by Dana Gentry, Nevada Current
October 4, 2021
A coalition with an environmentally-friendly name is fronting for ranching and hunting interests out to accelerate the capture and confinement of Nevada’s wild horses and burros, according to critics.
“We believe the Coalition for Healthy Nevada Lands is a front organization for the livestock ranchers and commercial trappers who seek the eradication of wild horses from public lands in Nevada,” says Suzanne Roy of the American Wild Horse Campaign.
Roy says the “hyperfocus on wild horses is a calculated effort to scapegoat these iconic animals for environmental damage caused by massive livestock grazing across public lands in Nevada. In fact, private-livestock is permitted to graze on 43 million of the 48 million acres of BLM land in Nevada. Wild horses and burros are restricted to designated Herd Management Areas (HMAs) that comprise just 14 million acres, which they share with livestock.”
Last week the Nevada Wildlife Commission signed on to a letter to Interior Secretary Deb Haaland from the Coalition for Healthy Nevada Lands, Wildlife, and Free-Roaming Horses.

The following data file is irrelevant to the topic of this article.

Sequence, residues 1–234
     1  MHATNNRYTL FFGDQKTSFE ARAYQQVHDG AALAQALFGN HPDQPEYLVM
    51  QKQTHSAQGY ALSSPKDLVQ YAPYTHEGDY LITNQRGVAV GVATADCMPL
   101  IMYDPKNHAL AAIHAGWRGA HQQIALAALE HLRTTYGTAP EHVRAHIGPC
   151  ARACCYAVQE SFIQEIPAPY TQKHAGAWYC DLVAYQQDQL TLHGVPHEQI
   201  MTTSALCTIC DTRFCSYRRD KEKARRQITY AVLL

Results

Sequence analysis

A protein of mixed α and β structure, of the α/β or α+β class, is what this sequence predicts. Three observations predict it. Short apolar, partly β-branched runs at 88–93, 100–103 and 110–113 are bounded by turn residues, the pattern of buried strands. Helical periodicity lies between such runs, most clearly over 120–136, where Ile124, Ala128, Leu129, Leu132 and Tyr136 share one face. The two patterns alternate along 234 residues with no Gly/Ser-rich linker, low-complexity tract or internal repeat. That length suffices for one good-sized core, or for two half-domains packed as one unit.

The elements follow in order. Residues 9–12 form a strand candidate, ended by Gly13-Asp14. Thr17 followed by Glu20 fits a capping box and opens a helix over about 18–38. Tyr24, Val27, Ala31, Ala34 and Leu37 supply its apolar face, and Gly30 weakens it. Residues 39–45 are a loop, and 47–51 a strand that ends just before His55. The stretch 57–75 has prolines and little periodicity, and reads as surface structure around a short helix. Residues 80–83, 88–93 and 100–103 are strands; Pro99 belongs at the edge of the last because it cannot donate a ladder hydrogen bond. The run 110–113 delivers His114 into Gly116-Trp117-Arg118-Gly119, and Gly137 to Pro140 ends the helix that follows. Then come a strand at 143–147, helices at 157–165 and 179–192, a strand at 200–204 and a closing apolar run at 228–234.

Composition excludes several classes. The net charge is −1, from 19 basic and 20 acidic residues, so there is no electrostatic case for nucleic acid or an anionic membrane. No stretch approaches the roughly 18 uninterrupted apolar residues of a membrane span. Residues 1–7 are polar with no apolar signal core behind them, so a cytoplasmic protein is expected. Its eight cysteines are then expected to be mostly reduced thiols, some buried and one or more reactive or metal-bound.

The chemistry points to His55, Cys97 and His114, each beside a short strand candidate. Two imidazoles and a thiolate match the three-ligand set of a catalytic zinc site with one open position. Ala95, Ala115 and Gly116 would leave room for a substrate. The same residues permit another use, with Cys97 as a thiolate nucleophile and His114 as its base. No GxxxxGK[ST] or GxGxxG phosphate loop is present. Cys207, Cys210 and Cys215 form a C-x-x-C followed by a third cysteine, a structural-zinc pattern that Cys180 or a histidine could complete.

Commissioner David McNinch, who represents conservation interests on the wildlife commission, which is dominated by sportsmen and ranchers, called the collection of supporters a “very unique oddfellow coalition” which includes the National Cattlemen’s Beef Association, the ASPCA, and the Humane Society of the United States.
The unlikely alliance is the result of climate change, says one participant.
“The greatest threat to our wild horses and burros and our public lands right now isn’t the BLM, it’s not cattle, ranching or mining interests. It’s not animal advocates. It’s climate change and the new reality is fast settling in,” Stephanie Boyles Griffin, the chief scientist of the Humane Society of the United States’ wildlife protection department, told Reuters.